Force.com Latency Tester – Because Speed Matters

06/04/2013

Speed is important for web apps. This has been proven time and again by Amazon and google. Even if your web app isn’t a portal for direct revenue like e-commerce or advertisements speed is still important. Even if the functionality delivered by an app is awesome a slow app will reflect poorly and build resentment in the users.

So on to Force.com. In my role at Arrowpointe, the premier provider of mapping and goe-analytic solutions for the salesforce.com platform, (oh such a shameless plug) we have been looking at larger architectural problems. The force.com platform is great, I’m a huge advocate, but not every problem can be 100% solved on the platform. Many times you need to utilize outside services in the form of public APIs or even homebuilt solutions running on Heroku or AWS to fill the gaps that force.com can not meet. Now that we may need to reach out to external services we start to loose control of speed. External web services will start to introduce latency to our web apps that may seriously degrade the user experience. To help measure this I’ve created a rudimentary app I’m calling the Force.com Latency Tester.

This app is a simple Visualforce page that sends a URL string to an Apex method using Visualforce Remoting. This method then makes a callout from Apex to a super simple hello world node.js app running on Heroku. Two timers are set throughout this operation. The first when a button is clicked on the client side and this ends when the pages receives a response from the salesforce.com server. The second timer is set before the Apex callout to Heroku and ends when Apex receives a response. This also test the latency between the salesforce.com servers and the Heroku servers, something I’ve always been curious about.

It is important to note this is actually testing application latency and not pure networking latency. The the whole request must first move through client side JavaScript, salesforce.com has to spin up its software stack to make the callout, the receiving server software handles and provides a response, and then again this is handled by the JavaScript on the client at the very end.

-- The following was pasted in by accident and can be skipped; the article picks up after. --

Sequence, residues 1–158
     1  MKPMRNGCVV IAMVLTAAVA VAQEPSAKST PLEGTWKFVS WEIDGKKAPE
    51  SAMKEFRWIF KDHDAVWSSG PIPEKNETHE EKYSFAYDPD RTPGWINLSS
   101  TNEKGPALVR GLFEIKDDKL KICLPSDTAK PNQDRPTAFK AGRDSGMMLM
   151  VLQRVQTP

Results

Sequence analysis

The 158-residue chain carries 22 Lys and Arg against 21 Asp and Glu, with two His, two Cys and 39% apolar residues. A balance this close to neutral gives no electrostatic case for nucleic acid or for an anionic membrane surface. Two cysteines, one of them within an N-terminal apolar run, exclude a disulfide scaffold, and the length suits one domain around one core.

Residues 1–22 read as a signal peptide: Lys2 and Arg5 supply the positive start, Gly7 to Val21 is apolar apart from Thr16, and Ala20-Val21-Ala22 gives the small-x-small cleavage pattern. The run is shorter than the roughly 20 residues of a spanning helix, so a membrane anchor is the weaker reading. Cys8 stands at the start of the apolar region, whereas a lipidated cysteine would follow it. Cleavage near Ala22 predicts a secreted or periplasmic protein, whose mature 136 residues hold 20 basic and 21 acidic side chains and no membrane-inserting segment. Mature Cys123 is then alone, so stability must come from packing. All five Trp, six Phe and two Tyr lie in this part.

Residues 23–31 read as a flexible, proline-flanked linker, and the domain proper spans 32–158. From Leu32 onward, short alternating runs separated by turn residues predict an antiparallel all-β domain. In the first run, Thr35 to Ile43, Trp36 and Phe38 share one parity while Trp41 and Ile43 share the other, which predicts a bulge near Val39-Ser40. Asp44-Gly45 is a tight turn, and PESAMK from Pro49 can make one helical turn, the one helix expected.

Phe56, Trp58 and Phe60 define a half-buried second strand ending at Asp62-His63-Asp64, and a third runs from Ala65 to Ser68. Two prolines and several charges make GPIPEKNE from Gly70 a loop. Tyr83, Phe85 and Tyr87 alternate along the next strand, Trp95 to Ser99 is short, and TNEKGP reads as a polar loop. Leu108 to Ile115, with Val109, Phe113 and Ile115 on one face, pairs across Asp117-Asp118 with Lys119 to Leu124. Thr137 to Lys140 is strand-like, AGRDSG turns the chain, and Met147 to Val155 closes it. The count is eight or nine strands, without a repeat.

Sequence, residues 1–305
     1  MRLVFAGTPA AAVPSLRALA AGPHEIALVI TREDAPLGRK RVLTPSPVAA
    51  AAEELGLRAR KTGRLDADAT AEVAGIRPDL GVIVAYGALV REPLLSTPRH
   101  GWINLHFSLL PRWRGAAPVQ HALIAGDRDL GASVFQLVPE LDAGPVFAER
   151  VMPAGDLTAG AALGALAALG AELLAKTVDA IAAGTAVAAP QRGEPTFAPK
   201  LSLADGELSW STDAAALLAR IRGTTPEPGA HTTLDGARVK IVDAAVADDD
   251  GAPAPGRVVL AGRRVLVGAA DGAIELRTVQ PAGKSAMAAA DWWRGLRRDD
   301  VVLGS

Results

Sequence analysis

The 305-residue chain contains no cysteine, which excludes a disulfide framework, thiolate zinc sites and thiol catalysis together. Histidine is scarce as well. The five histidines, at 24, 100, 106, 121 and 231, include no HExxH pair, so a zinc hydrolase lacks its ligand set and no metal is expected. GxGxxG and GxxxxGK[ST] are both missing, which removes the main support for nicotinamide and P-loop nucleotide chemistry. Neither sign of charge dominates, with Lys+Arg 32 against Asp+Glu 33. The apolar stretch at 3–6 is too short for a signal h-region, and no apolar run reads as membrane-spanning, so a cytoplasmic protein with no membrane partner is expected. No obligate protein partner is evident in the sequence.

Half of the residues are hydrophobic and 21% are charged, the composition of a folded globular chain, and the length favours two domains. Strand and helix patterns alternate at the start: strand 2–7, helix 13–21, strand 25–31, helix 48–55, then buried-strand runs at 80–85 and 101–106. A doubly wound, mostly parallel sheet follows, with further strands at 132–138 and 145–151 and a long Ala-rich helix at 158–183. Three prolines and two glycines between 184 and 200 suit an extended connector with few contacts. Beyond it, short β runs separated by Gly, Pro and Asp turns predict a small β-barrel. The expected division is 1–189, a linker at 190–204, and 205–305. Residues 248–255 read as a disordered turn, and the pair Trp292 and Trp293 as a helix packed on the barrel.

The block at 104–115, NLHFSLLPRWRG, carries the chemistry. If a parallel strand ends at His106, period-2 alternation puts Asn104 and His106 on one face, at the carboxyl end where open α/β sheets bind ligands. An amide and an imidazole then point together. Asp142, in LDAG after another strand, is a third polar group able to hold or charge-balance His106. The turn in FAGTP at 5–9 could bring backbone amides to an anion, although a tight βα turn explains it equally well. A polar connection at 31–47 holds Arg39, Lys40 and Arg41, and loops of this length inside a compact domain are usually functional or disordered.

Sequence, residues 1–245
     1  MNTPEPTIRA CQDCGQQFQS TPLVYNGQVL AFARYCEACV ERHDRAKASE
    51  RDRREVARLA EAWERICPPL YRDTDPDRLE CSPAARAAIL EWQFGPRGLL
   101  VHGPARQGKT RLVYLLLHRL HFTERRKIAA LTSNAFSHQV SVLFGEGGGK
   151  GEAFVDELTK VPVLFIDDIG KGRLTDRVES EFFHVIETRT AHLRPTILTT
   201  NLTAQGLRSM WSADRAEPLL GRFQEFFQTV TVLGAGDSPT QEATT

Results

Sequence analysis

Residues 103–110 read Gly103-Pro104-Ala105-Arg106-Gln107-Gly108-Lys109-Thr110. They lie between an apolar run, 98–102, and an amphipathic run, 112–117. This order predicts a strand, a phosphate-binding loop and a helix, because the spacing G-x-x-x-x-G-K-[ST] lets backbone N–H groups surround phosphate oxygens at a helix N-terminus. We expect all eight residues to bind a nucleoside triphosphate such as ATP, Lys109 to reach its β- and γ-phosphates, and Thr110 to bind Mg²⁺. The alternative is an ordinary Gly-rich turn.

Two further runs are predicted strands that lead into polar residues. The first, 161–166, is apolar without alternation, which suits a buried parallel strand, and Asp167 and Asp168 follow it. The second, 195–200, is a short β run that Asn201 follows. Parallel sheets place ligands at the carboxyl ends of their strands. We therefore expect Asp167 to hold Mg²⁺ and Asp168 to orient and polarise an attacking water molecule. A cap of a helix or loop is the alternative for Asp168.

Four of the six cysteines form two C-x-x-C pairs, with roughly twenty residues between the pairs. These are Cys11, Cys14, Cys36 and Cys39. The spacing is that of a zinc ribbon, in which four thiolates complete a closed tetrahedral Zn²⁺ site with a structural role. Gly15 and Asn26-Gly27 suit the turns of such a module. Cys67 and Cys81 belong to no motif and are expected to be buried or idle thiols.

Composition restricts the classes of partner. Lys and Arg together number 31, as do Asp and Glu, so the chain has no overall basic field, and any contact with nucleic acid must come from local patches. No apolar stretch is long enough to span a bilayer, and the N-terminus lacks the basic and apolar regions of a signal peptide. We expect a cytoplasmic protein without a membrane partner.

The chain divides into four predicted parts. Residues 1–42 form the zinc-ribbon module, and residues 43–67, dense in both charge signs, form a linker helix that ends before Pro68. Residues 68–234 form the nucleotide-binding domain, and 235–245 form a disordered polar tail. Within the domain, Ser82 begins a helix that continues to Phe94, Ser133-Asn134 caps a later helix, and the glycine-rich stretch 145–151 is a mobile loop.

This app is on GitHub here: https://github.com/TehNrd/Force.com-Latency-Tester
…here is an unmanaged package: https://login.salesforce.com/packaging/installPackage.apexp?p0=04tG0000000RslA
…and here is a video walk-through:

There is no tab in the app so navigate directly to the /latency page.

The Results!

Screen Shot 2013-06-03 at 9.17.22 PM

For Apex making a callout to Heroku the average response time I see is around 20ms. I have seen this as low as 10ms and as high as several hundred. This isn’t too bad considering this is application latency and not true network latency. For comparison purposes when I ping the target site directly from my laptop I get 36ms almost every time. So salesforce.com wins and it should considering there is fat fiber pipe between salesforce.com and Heroku (AWS) data centers.

For client side application latency it seems to average around 250ms. Not terrible…but not great and I think there is room for improvement here. Again for comparison purposes when I ping na7.salesforce.com directly from my laptop I see times around 40ms. This means the remaining 200ms is most likely the salesforce.com software stack handling the request and providing the response. Given this is super simple request with no database operations I’d really like to see this in the low 100ms.

All in all, a fun little experiment and I’m curious what other individuals see around the world and country. Please post the times you are seeing below in the comments section.